Tre Boston is just one of many NFL players who demand answers from the league ahead of training camp, but it’s unknown when the Carolina Panthers safety will get the ones he’s hoping for. Time is rapidly ticking away as the league and NFLPA attempt to get everything figured out in order for training camps to begin on time in late July, but it feels like things are moving in the opposite direction as COVID-19 spikes shatter records around the country. As recently as early June, both sides appeared on equal footing when releasing a memo, but the relationship has taken a sour turn for the second time this year — the first being during the exceedingly contentious negotiation of the new collective bargaining agreement.
The latest rift sees the two sides squaring off on multiple points yet again, from player safety to revenue qualms. In attempting to give players more time to acclimate ahead of the scheduled September start to the season, the NFL shortened the preseason by two games, but that’s not something the NFLPA signed off on. Instead, the latter unanimously voted to scrap the 2020 preseason altogether, but that proposal was met with a rebuttal that was less of a counteroffer and more of an echo of the first proposition.
And, in a move the union views as a proverbial twisting of the knife, the NFL wants to hold 35 percent of players’ salaries in escrow this coming season as a means of helping to soften the blow from likely lost revenue caused by the absence of fans in stadiums.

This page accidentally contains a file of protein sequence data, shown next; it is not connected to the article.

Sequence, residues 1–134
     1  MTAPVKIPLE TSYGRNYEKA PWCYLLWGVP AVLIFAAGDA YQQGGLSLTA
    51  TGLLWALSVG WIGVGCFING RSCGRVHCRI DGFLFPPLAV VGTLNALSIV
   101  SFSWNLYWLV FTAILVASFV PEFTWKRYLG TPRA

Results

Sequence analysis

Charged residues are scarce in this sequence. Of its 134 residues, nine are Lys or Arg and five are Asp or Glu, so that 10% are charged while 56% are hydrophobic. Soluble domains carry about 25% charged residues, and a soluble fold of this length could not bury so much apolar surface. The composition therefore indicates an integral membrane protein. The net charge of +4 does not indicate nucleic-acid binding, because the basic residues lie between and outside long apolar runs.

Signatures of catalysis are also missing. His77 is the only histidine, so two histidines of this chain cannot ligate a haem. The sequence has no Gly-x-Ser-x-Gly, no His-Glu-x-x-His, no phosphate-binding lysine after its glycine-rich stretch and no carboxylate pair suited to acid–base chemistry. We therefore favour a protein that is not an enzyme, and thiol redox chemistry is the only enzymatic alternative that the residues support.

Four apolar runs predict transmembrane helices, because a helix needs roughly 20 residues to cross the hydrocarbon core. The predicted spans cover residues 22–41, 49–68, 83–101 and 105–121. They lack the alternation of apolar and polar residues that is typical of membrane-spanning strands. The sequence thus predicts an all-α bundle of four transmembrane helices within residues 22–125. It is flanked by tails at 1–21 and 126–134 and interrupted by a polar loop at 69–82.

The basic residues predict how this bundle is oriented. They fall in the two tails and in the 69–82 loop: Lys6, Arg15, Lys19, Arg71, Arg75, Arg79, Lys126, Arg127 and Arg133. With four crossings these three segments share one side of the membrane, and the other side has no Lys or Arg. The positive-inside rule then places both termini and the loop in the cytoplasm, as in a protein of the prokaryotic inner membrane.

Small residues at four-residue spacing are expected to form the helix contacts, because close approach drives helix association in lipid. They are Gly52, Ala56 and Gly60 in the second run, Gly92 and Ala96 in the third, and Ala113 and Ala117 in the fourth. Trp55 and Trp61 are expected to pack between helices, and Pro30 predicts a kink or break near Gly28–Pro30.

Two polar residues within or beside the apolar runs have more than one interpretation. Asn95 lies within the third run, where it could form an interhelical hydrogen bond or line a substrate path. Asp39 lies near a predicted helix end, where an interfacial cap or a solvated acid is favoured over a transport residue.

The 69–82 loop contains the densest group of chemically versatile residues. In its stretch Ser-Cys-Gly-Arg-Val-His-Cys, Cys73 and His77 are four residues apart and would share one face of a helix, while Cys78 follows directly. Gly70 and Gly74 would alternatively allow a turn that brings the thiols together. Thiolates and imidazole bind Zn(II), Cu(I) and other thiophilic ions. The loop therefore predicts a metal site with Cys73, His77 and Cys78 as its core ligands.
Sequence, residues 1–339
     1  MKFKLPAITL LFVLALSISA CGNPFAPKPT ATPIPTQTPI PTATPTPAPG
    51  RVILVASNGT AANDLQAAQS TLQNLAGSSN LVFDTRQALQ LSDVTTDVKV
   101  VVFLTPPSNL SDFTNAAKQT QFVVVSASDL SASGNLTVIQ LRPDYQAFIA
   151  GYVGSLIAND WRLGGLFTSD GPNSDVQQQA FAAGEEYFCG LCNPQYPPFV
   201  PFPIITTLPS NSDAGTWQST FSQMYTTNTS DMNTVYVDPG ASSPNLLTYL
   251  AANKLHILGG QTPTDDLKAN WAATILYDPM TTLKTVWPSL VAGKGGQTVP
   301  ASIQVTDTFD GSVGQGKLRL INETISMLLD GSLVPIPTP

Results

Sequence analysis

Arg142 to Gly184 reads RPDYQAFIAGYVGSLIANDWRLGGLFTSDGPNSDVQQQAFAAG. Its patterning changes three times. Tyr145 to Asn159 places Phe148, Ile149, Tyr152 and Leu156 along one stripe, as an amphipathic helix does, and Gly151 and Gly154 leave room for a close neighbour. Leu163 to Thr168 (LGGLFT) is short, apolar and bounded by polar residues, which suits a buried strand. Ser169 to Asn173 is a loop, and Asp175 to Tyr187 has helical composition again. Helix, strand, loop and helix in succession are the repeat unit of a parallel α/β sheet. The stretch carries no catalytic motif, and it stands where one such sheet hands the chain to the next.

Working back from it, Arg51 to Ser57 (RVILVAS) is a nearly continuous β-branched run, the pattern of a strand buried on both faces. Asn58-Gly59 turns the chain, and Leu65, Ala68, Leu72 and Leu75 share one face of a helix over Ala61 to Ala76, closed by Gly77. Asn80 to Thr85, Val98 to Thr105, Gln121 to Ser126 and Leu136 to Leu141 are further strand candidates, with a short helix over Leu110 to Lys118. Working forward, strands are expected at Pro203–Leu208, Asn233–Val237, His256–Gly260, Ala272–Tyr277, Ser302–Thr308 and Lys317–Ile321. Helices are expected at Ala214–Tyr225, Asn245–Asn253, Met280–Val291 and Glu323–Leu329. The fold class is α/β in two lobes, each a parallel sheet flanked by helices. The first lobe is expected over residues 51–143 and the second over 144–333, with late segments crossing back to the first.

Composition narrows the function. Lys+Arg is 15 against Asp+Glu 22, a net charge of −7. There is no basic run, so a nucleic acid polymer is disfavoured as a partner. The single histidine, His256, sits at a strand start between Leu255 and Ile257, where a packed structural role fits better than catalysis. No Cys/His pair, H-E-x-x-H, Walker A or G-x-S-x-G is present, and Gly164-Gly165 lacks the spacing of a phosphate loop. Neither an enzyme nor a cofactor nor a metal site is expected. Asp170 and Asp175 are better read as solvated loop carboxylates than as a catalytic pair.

“Basically, we told them to kick rocks,” said NFLPA executive Don Davis on a recent conference call with players regarding the escrow proposal, via NFL Network.
If you’re keeping score at home, that makes two poignant issues the NFL and NFLPA vehemently disagree on, and only a couple weeks or so from the scheduled start of camp.
“Well, yet another NFLPA call and still 1,000 unanswered questions!” Boston wrote on Twitter, lamenting the lack of resolutions and the reemergence of a rift between the union and the league. “Rookies report in 11 days — vets [in] 21! Please tell me how we’re getting info on time to get acclimated??? States are closing but we have to move our families to these states and play.
“Make it make sense! How can we start?”
Again, Boston’s confusion is one shared by many around the league, including teams themselves.
As it stands, the NFLPA is dug-in on a longer acclimation period that leaves no room for a preseason, and they’re outright refusing to accept an escrow plan when the CBA allows for any revenue loss to be spread across the salary cap over the next decade. It remains to be seen if the NFL will eventually bend on one point or the other, or neither, but every day that passes without the two sides coming to terms is another that threatens a timely start of not only training camp, but of the regular season as well.
They agree on the safety protocols, but not much more, and that’s a problem.